Over the years, my friend Erich and I have probably logged thousands of miles cycling together. In all conditions – cold, wet, early, or in the fading warm July sunlight – we have ridden these Maine roads together. And when you train with someone for long enough you recognize their strengths (he climbs like a scalded cat), odd proclivities (he prefers riding on the right side of someone else), and their hesitations (he often descends cautiously).
We trained for a triathlon together a couple years ago. We would meet and ride the 40km course a couple of times a week, sometimes twice in a day. We got to the point where we knew the entire course in great detail – every crack in the road, every undulation of pavement, when to push and when to recover. And more or less, it seemed we were evenly matched.
On the day of the triathlon I had a fine race and the ride was my strongest leg of the event. I was pleased to finish in the top 10% of riders. Meanwhile, Erich blazed the ride. While averaging nearly 25mph on the hilly course, for some sections he led the entire field chasing only the pace car in front of him. On that day over 800 people raced the event. Only four individuals – all pros – were faster than Erich, and only by mere seconds. I was astonished. He was dumbfounded. He beat me by over 7 minutes on the ride. And he did it in celebration of his 50th birthday.
I had many questions about where this super-Erich performance came from. As I listened to him talk about his ride, he never once made any comparisons to other riders. He never spoke of how he was performing in relation to anyone else. He didn’t talk of the event as a competition. All of his language around preparation and performance was in terms of him versus the course. Actually “versus” isn’t quite the right word. It was more that he spoke of being in tune with how he felt in each moment – riding with the road with a sense of totally embodying the experience.
Another interesting comment Erich made was that during the ride itself he was aware that he was crushing it. He knew, on an innate level of consciousness, that he was absolutely killing the course, but there was no emotion associated with it. He felt not frustration, pain, angst, or struggle – only focus. The celebration and elation would come later. During the ride itself, he was all focused execution, hyper attention to nuance, flowing with the road.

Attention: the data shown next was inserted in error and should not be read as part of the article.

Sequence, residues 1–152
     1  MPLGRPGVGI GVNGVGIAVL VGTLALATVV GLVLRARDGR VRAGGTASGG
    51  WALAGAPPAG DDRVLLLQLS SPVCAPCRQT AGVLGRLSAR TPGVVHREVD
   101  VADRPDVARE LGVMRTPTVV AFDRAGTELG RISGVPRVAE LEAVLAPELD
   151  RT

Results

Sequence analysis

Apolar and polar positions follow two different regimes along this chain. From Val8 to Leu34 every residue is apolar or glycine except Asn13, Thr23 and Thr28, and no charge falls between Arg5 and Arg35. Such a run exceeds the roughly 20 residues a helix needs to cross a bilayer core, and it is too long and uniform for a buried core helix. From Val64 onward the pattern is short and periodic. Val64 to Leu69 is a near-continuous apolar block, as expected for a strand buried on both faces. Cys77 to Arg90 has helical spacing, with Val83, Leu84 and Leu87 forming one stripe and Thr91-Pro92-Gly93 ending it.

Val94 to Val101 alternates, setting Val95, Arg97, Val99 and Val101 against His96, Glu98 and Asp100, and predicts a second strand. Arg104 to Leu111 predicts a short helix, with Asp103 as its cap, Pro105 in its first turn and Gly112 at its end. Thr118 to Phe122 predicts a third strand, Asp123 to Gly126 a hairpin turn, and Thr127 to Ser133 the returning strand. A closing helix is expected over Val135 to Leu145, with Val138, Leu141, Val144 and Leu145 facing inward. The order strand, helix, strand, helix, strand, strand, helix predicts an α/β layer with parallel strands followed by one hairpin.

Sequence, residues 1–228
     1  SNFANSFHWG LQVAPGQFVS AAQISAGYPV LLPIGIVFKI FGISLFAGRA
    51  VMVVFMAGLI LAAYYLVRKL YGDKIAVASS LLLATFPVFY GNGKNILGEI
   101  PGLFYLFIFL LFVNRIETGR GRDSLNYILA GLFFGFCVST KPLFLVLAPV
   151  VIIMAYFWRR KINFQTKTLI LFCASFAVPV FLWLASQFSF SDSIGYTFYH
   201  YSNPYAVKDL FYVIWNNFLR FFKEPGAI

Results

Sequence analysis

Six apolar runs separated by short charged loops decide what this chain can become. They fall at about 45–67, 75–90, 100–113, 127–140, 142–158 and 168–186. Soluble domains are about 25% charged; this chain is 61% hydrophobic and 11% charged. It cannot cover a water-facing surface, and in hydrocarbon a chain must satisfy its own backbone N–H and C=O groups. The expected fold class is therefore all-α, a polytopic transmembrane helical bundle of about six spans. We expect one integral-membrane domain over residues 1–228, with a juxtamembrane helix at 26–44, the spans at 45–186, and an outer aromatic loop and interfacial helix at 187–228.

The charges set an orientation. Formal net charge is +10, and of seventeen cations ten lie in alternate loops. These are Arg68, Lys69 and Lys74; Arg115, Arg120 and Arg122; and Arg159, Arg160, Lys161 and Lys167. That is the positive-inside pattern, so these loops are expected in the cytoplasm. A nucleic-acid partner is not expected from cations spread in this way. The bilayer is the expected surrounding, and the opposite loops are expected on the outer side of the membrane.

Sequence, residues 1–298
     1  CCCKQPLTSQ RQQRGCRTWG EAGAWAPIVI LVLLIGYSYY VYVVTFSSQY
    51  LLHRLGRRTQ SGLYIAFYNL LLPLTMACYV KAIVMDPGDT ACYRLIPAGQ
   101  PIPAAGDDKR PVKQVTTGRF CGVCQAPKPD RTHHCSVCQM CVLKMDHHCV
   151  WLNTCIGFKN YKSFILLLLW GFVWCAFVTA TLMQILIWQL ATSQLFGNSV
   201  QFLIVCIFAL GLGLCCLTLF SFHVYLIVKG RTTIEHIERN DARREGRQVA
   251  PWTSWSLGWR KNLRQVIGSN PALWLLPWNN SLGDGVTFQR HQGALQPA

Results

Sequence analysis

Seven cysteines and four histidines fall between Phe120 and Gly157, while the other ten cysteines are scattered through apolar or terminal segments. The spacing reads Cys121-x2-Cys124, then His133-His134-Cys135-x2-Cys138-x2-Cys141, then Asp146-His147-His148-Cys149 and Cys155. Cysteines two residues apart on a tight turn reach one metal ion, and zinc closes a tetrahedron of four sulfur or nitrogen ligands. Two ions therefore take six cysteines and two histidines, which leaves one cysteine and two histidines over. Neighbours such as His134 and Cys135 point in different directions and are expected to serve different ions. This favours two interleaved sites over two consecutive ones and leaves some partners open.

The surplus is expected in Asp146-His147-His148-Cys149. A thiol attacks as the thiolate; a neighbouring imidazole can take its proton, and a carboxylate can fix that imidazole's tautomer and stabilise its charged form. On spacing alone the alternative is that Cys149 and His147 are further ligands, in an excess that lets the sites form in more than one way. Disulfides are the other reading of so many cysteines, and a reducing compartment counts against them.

As Steven Kotler describes in his mind-bending book The Rise of Superman, this sense of “deep embodiment” is one of the external Flow triggers of immersion in the moment. In short, Flow is an induced state of energized focus, heightened awareness, complete absorption, and elevated performance. And often, exceedingly high performance accompanies Flow states.
While these states are often spoken of by top adventurers, Flow states are also common among artists, musicians, professional athletes, and yes, even business professionals. According to this McKinsey study, business executives stated that when they were at their most effective – in a state of Flow – they were more than five times more effective than their more mundane, and common, moments of activity while attending meetings, interacting with colleagues, and executing tasks.
Much has been studied and written about the importance of developing a strong creative capability for today’s busy professional in this always-on, bottle rocket economy. IBM’s global CEO study asserts that creativity, mental flexibility, and collaboration have displaced one-dimensional intelligence and isolated determination as core ingredients of competitive advantage in today’s turbulent market. Creativity is treasured among the most-valued traits of sought-after talent. Yet, creativity is hard to teach.
Here’s the thing: Flow states induce creative states. As Teresa Amabile’s 2005 study shows, Flow states often precede creative states. Early findings at Kotler’s Flow Genome Project suggest Flow states later induce up to seven times the creativity in test subjects.
While developing creative triggers can be elusive, finding Flow triggers can be more predictable. We recognize that feeling when we felt hyper-present and alive skiing through the trees, immersed in a book, hypnotized in a provocative conversation, even mesmerized by an addicting video game. These induced Flow states lead to creatively productive states, often in the following hours and days after a Flow event.
Don’t seek on-demand creativity of yourself or those around you. Instead seek those circumstances, environments, and personal and social triggers which induce your own Flow states. To inspire creativity in those around you, start by finding it yourself. Model finding those Flow states you want to encourage in others. Creative productivity will surely follow.